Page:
Unbelievable. We’re already one week into the new year. Another year. Another new semester. Another workweek.
Another blog post.
I remember when the turning of the calendar was supposed to be a great motivator to get things moving. A 12-month possibility that’s led by the resolutions. Promises to do something. Promises to change something. Promises promises. Unfortunately, before we’re even able to articulate fully our goal, we’re bombarded by the statistics of how many of us are expected to break our resolutions before the end of the week. We don’t even get a month anymore! Seems harsh, doesn’t it, that people expect us to fail before we even begin?
In planning change, it’s about setting realistic expectations and acknowledging or celebrating achievements along the way. And by doing it your way.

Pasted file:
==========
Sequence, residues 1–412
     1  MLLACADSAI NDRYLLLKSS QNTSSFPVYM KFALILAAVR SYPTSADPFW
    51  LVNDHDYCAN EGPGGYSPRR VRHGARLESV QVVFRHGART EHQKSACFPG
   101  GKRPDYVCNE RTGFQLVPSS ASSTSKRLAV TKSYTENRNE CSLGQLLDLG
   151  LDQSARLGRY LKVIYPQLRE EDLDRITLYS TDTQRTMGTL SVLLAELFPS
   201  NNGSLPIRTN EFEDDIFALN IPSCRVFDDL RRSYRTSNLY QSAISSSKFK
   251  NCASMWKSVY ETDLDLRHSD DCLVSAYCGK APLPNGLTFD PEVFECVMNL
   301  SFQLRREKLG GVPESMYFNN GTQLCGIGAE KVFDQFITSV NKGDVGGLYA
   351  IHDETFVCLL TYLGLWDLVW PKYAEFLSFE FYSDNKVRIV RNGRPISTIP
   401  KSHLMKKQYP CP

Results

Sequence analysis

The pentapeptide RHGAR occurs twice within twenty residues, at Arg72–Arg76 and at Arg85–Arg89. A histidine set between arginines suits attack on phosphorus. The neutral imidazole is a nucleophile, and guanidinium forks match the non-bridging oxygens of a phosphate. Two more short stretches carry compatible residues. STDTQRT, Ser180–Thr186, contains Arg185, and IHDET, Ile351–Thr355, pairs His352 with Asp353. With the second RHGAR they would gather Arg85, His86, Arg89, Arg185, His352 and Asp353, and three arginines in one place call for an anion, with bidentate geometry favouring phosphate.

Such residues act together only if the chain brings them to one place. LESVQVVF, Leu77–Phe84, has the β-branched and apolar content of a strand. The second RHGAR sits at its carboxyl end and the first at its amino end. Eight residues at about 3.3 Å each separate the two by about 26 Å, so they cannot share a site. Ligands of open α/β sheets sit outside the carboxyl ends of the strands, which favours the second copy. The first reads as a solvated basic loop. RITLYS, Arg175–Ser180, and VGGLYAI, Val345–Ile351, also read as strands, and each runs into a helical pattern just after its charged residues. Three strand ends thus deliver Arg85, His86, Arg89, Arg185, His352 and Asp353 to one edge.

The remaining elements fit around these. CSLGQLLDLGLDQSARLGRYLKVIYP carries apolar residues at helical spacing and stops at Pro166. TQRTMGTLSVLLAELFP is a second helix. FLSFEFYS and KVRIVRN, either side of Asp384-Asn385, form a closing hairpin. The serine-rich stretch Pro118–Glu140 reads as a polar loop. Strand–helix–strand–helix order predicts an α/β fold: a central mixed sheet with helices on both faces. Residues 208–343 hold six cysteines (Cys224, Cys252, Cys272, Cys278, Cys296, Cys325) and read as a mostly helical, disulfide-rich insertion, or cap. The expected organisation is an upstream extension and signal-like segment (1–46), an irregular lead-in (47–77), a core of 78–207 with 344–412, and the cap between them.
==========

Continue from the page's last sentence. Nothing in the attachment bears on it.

A friend of mine began a new work out program this week. She admitted the push ups are the biggest challenge as she’s coming off a rotator cuff injury, and doesn’t think she can do them. At least not the 20 expected on the first day. We discussed her reality and agreed she should do one. One push up each day. She knows her shoulder can handle that. Then next week, as the muscles strengthen move up to two. And maybe three the week after that. There’s no reason she has to do 20 today, especially if her body can’t handle it. But one she can do. And next week maybe two. And when she does two, I’ll congratulate her.
Setting goals, sticking to them and staying motivated are no easy tasks. There’s always another obstacle to overcome, but I think it’s healthy to acknowledge the goals we do meet on our way to completing a challenge. I’m not saying everyone should get a trophy just for participating, but do be proud of putting yourself out there. Rather than focus on a failure, focus on the great feeling of actually doing something so you can move on to another success.
That’s right. Another success. That’s one another I don’t mind repeating.